‘Chaos’ on Twitter as Twitter and YouTube are forced to suspend their streaming services over ‘fake accounts’

The social media giant is scrambling to restore its popular streaming video services after users discovered that they had been hacked by a group of pranksters pretending to be Twitter and Google employees.

Twitter said that it had been contacted by an anonymous person claiming to have been involved in the attack.

“We have confirmed that we have been hacked,” the social media company said.

“Twitter is investigating this report.

We are working to help our users and staff as soon as possible.”

Twitter said the attack on its video platform was “a result of the recent release of a new version of our YouTube API, which was used by a small number of prank Twitter accounts.”

It added that it was working to restore normal functionality.

“At this time, our teams are working around the clock to bring you the best experience for your users,” the company said in a statement.

YouTube is a social media network that lets users upload videos and upload videos that can be viewed on a wide variety of devices, including tablets and phones.

It is also a popular source for content, which is widely used on the internet for free.

It also has a growing audience of young people.

“The attack we have discovered is a result of a small group of people who compromised our API and tried to take advantage of the fact that we were running a beta test of our new YouTube API,” YouTube said.

YouTube also said it was taking steps to ensure its employees are safe, including hiring a security officer, and that it would provide more detailed information about the attack and the identity of the attackers within two weeks.

The company said it did not know who the attackers were or where they were based.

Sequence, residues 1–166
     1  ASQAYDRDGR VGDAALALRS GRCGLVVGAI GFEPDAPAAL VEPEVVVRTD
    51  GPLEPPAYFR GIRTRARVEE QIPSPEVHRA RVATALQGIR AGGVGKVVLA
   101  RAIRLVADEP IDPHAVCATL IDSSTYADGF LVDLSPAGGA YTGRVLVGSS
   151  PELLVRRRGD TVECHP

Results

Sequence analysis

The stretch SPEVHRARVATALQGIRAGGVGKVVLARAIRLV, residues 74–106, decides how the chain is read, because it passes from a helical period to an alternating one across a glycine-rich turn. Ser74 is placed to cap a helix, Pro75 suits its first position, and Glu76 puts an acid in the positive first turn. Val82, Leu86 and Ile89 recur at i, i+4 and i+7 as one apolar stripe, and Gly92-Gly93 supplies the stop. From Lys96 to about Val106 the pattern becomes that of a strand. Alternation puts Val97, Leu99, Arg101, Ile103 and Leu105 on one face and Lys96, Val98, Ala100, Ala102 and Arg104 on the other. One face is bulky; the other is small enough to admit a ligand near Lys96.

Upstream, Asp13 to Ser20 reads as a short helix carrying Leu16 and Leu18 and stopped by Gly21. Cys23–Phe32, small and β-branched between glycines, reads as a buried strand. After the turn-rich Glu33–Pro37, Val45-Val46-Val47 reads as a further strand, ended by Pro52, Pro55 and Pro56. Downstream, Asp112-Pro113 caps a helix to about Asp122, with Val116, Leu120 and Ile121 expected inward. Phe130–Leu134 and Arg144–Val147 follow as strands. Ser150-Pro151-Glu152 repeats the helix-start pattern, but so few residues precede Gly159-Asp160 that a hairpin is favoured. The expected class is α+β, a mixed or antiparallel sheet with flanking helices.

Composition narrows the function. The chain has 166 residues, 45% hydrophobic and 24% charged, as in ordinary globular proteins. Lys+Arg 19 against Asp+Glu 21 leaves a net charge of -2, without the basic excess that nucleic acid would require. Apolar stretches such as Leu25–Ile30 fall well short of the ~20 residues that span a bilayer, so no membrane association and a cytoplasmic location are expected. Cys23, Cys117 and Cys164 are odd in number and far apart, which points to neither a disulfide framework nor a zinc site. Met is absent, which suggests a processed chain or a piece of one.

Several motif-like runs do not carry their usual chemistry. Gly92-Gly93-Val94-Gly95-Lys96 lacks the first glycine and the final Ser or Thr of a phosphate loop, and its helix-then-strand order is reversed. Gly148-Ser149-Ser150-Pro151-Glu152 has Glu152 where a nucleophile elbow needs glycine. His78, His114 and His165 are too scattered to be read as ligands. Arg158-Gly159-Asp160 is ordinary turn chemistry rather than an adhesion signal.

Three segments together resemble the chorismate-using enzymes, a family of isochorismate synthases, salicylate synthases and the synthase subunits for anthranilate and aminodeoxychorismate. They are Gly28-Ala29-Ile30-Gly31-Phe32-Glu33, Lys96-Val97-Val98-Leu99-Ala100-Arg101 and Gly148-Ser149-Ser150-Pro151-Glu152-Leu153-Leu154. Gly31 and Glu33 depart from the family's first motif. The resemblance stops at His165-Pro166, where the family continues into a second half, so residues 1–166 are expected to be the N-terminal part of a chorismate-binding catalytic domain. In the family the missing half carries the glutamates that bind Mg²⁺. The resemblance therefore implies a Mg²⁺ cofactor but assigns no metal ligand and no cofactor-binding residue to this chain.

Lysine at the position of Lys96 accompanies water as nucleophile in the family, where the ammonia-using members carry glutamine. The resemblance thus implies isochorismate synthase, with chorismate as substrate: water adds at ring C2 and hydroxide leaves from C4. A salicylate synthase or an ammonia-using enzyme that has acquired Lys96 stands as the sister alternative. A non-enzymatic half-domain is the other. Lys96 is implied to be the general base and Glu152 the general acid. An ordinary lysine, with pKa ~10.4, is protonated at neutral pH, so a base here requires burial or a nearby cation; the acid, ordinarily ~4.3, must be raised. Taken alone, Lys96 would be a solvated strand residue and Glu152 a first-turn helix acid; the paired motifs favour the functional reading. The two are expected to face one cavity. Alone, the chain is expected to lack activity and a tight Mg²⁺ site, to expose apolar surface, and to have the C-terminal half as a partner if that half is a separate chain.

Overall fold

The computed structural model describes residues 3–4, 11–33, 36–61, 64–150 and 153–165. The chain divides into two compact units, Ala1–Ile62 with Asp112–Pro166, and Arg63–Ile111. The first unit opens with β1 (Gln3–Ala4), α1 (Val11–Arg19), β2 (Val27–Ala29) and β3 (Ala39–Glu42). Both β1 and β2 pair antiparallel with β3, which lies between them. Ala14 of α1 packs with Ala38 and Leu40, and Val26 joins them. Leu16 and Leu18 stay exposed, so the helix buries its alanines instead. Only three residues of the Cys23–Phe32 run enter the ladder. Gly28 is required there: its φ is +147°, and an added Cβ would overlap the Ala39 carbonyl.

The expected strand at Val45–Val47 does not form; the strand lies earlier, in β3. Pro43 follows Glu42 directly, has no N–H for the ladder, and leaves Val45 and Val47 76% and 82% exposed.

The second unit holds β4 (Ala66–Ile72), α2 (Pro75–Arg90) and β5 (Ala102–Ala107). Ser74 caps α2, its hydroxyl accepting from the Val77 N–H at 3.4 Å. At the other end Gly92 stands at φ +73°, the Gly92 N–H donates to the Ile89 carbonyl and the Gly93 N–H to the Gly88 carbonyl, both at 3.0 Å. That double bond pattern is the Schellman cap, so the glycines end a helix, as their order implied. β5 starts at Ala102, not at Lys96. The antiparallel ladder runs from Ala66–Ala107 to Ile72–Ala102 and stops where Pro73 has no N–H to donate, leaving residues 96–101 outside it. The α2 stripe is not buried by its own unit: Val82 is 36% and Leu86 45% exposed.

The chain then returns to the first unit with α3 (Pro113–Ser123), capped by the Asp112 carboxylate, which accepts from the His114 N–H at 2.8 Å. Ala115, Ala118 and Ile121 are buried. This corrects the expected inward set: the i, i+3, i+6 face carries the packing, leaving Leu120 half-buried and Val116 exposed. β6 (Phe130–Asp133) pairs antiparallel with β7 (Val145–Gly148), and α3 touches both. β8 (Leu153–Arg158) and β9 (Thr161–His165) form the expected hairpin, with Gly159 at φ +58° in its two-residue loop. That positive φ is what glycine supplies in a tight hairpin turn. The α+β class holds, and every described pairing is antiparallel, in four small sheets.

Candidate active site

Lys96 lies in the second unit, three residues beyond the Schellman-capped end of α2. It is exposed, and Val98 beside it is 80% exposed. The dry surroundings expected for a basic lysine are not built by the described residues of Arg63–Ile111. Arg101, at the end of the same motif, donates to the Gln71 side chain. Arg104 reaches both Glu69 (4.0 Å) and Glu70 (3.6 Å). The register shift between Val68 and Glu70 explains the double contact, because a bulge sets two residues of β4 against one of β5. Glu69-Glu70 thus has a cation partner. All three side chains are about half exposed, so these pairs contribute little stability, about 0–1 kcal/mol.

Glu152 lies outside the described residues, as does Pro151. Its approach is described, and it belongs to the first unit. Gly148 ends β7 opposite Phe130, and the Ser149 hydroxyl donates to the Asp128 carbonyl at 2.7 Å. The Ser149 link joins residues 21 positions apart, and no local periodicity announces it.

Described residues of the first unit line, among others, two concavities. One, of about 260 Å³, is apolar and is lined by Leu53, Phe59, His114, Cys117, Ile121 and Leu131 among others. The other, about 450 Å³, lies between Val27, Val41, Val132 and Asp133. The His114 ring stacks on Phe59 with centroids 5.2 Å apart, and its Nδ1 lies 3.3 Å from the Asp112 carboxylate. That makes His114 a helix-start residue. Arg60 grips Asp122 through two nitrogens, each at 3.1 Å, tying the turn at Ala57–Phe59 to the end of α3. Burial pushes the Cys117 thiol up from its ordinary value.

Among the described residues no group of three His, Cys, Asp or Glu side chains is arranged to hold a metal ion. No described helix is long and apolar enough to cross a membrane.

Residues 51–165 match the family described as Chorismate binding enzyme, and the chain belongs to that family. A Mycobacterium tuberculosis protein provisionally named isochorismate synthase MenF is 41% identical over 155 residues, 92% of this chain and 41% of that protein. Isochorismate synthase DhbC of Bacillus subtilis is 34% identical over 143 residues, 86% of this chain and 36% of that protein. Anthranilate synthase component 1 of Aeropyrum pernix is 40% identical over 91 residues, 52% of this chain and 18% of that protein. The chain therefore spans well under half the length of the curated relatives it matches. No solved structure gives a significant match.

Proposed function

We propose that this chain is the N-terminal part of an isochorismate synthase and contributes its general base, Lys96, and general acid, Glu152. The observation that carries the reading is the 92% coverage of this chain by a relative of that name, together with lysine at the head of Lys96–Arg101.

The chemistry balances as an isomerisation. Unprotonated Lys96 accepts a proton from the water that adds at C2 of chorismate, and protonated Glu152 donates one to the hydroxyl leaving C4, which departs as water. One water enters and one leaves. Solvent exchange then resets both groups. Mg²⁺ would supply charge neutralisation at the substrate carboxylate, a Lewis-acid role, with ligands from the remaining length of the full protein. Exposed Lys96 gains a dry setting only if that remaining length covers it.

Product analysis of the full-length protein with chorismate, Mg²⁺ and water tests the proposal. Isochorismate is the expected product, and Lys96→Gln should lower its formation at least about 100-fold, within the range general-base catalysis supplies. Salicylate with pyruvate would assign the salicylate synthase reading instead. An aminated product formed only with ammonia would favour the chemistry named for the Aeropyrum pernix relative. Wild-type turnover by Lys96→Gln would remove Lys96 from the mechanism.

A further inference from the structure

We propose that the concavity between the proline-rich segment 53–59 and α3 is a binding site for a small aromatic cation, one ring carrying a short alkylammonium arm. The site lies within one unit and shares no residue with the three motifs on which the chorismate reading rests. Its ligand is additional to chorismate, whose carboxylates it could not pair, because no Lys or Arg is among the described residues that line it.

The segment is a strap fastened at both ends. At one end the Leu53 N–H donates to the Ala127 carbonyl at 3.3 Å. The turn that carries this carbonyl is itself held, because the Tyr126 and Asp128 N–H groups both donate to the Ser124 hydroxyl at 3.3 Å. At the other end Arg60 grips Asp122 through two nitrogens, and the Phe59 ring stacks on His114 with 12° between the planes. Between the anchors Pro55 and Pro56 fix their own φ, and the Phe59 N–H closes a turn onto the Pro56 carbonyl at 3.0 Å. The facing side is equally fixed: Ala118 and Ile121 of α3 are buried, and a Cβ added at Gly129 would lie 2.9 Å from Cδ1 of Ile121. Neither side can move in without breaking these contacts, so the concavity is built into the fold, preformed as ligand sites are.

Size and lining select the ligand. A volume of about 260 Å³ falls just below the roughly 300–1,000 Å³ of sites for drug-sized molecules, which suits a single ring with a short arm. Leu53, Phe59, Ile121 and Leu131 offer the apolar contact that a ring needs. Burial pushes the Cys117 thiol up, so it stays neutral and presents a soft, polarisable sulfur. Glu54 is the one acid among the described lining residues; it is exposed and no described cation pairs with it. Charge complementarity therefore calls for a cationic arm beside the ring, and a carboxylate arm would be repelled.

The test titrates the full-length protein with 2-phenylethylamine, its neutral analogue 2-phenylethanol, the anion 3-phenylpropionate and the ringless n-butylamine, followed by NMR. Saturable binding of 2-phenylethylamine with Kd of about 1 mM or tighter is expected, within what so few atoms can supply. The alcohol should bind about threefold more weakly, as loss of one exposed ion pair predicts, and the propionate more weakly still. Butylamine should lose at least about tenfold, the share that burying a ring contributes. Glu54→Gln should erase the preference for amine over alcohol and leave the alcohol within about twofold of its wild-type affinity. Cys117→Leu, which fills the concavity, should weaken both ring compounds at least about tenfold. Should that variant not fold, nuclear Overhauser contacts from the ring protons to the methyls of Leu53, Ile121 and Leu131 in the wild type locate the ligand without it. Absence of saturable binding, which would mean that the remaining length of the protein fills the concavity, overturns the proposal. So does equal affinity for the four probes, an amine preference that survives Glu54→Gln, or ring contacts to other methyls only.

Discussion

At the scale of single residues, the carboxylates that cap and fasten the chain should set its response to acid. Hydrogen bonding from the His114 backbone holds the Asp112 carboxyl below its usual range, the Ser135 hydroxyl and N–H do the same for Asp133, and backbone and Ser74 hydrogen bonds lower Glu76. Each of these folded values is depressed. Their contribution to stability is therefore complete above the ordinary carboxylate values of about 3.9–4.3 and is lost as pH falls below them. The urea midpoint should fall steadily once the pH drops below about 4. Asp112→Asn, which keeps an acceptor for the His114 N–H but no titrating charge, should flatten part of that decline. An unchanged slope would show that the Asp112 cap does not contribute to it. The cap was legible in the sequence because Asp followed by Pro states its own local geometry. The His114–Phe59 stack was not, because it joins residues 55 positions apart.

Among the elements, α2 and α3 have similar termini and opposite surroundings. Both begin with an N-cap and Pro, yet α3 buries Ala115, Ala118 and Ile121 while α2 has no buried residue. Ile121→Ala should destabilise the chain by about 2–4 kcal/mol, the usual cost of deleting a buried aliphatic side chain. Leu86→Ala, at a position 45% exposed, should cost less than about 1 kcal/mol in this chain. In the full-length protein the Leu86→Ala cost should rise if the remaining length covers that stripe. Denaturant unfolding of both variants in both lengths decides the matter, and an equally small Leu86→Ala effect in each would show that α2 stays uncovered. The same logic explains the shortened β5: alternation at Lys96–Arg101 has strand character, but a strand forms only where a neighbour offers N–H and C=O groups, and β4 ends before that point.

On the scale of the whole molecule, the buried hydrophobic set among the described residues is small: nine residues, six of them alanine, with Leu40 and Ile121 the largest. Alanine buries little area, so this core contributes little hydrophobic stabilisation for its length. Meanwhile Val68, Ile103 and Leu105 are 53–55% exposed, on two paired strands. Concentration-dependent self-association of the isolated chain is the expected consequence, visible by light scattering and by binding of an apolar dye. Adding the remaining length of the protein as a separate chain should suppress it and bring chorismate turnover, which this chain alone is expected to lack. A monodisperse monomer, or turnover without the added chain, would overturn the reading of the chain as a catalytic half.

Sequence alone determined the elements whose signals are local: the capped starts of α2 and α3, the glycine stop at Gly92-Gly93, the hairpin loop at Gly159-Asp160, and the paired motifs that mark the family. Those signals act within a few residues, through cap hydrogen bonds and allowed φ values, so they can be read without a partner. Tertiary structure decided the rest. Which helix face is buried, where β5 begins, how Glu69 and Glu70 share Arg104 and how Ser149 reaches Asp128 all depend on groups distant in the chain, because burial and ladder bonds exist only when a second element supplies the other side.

“This is the first time that YouTube has been affected by a serious cyberattack.

We continue to work with our users to keep them informed and safe,” YouTube chief security officer Jason Fried told a news conference.

“It’s clear this attack is more serious than we had thought.

This is not just a bug.

This type of attack could be a reflection of a broader problem that we see in the world of cybersecurity.”

YouTube also urged users to be vigilant about what they post online.

“People need to be cautious of what they share, especially if they post content that could be seen as provocative or controversial, especially in light of recent events,” it said in its statement.

Twitter, which has more than 7 billion users, said in March that it will temporarily stop allowing users to upload videos on its social media site.

It said it would temporarily stop its service from appearing on mobile devices, and it will also temporarily suspend all accounts that have more than 100 followers.

“As soon as we can, we’ll restore full functionality for everyone,” the platform said.

Facebook has said that video sharing was compromised and that videos from its users could be shared as fake.

Google said that a group that was posing as Google employees in a video had posted videos on YouTube showing its YouTube logo.

The videos had already been taken down, but some videos on the group’s channel had already made their way to YouTube.

“Our investigation is ongoing,” Google said.

The group said it had targeted people “in the United States and Canada”.

Google said it could not confirm that the group was involved in a serious attack.

Twitter did not immediately respond to a request for comment.

YouTube’s stock price plunged by almost 20 per cent on Monday, with the shares falling from around $80 to around $40.